We’re back to biophilia again. Wilman, who sells a whole range of quirky and cool wallpapers on his site, continues: “Murals have come on in leaps and bounds over the last few years. Rather than simple photographic images, we’re now seeing well-designed, subtle prints ranging from large swirls and graphic designs through to realistic and stylised animal motifs, offering a much more sophisticated and put-together look than people have been able to achieve previously.”
Wilman’s also right when he reminds us of the feature wall’s potential, in these days of hybrid working, as superior Zoom background.
If you want to go bespoke, you can hire pro muralists, such as Clara Wilkinson and Mary West of Living Wall Murals.
Or you can have a go yourself. Painting your own mural is easier than you might imagine, and fun too. Wilkinson and West’s great book Making Murals is a good place to start.
If you’re brave you can freehand it, but using an art projector can really help get a great result. It’s not cheating. It’s what (lots of) the pros do. In fact, scientists now suggest artists were using projectors as far back as the 15th century. If it was good enough for the Old Masters, why not for you.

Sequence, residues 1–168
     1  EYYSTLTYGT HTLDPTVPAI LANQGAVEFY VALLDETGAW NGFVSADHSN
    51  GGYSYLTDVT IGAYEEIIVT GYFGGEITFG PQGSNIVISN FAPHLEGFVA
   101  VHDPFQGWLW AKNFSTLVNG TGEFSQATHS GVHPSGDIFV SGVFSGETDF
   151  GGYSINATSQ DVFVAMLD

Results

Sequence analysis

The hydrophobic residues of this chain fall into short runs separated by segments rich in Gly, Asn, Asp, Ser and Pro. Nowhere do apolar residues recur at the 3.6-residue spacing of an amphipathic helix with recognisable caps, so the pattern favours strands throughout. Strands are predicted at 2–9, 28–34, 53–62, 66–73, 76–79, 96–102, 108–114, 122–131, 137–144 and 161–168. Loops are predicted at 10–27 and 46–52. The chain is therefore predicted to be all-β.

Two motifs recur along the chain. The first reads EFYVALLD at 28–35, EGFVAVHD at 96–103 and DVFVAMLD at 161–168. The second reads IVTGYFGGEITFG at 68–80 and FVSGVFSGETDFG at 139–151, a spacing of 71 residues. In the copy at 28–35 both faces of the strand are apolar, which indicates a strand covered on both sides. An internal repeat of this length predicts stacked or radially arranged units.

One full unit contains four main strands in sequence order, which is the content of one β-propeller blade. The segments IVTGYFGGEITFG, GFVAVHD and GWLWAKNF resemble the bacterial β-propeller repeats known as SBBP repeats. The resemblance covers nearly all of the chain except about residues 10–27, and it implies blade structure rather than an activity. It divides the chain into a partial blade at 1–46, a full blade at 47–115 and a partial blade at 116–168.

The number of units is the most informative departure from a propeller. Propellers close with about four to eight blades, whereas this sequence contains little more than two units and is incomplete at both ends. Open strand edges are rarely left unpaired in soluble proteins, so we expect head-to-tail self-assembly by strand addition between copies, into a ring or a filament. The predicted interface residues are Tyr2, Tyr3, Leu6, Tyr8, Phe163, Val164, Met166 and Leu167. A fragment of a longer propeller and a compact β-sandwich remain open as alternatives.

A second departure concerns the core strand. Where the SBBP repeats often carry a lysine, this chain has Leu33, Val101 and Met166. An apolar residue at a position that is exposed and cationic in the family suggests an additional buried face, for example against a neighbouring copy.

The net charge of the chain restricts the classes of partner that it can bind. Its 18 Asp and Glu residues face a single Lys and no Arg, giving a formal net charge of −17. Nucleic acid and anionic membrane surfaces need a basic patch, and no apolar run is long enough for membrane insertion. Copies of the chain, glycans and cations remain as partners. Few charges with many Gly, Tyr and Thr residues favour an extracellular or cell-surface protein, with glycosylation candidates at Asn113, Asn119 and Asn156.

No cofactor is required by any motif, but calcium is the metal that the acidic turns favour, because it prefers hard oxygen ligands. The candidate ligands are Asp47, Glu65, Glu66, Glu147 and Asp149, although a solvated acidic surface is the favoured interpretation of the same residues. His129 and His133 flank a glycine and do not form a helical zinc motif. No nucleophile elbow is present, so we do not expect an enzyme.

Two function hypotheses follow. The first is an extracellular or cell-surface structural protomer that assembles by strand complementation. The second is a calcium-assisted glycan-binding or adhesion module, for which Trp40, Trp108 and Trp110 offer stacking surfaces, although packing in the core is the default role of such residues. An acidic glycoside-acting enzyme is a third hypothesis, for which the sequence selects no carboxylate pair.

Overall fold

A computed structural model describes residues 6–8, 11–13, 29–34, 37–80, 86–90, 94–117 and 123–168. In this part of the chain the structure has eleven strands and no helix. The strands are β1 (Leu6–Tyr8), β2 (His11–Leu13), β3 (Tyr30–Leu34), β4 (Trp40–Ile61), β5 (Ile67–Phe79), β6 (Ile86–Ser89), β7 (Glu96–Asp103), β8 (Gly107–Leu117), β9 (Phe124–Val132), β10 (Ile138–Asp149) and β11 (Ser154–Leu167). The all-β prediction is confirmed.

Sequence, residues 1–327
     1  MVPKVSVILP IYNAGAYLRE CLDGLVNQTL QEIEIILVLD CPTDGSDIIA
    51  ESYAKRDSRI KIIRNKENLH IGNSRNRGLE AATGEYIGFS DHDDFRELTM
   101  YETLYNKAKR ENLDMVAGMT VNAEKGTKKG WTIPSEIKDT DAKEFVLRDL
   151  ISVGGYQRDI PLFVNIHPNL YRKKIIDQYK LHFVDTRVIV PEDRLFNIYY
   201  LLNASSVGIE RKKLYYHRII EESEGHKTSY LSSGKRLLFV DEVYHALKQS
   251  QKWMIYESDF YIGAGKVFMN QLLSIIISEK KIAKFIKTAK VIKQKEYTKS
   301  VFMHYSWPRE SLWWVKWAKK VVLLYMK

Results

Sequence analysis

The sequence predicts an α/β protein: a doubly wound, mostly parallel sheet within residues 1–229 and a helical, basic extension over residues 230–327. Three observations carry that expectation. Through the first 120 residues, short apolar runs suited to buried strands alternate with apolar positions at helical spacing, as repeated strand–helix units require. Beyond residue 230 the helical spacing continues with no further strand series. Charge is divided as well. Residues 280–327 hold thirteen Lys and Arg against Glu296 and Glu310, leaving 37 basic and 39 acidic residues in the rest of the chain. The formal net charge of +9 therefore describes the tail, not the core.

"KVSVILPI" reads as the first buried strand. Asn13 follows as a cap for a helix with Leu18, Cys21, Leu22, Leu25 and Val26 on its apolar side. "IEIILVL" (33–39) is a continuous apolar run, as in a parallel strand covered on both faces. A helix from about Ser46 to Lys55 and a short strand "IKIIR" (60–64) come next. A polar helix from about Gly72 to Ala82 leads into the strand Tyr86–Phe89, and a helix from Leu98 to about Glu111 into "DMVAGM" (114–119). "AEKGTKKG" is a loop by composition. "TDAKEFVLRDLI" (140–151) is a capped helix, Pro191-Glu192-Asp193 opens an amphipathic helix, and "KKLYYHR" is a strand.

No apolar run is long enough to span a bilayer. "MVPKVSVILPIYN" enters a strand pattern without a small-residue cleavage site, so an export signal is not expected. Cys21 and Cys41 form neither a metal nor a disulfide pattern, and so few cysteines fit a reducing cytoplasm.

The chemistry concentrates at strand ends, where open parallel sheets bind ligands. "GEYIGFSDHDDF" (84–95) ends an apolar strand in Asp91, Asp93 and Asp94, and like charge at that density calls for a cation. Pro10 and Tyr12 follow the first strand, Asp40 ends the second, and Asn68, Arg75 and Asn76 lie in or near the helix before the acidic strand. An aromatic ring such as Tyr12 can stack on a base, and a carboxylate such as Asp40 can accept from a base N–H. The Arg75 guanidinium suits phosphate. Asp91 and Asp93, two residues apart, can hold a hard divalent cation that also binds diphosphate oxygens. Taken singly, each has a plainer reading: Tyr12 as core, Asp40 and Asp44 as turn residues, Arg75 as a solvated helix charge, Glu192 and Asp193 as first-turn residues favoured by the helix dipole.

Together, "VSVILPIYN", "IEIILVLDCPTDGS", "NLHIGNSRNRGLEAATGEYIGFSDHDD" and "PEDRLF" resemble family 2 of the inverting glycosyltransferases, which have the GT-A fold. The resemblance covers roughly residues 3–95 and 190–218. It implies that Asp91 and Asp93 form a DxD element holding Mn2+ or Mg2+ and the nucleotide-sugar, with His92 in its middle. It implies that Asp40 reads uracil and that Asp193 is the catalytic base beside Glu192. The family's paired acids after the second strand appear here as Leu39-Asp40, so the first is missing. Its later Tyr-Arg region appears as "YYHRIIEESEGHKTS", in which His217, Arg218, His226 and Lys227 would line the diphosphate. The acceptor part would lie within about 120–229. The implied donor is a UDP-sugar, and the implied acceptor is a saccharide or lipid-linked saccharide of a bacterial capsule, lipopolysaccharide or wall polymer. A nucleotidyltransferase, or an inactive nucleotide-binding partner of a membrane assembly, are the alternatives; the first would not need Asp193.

Here are some art projectors that you could use. Or this video shows you how to make your own for free from an old cardboard box.
There’s no reason why feature walls should only feature in the living room and bedroom. As Wilman says, “Now we can expect to see a shift, with feature walls extending themselves to the rest of the home.”
So what about a feature wall in a bathroom or a kitchen? Confounding expectations is an important part of creativity, after all. Showerwall‘s acrylic panels let yot create a feature wall in a bathroom, and you can even use your own image.
There are some beautiful tiled murals around for bathroom feature walls too, like these from Hyperion.
In a similar spirit, another way to change things up and get interesting results is to use materials in unexpected places. This hyper-masculine media wall features not only wooden slats but also Laminam ceramic panels, which you might expect to see on the floor or in the kitchen. Laminam also has some interesting faux concrete, if you’re not quite over minimalism yet.
Similarly this marble wall from Gerald Culliford uses marble in an unexpected context. And is all the more effective for that.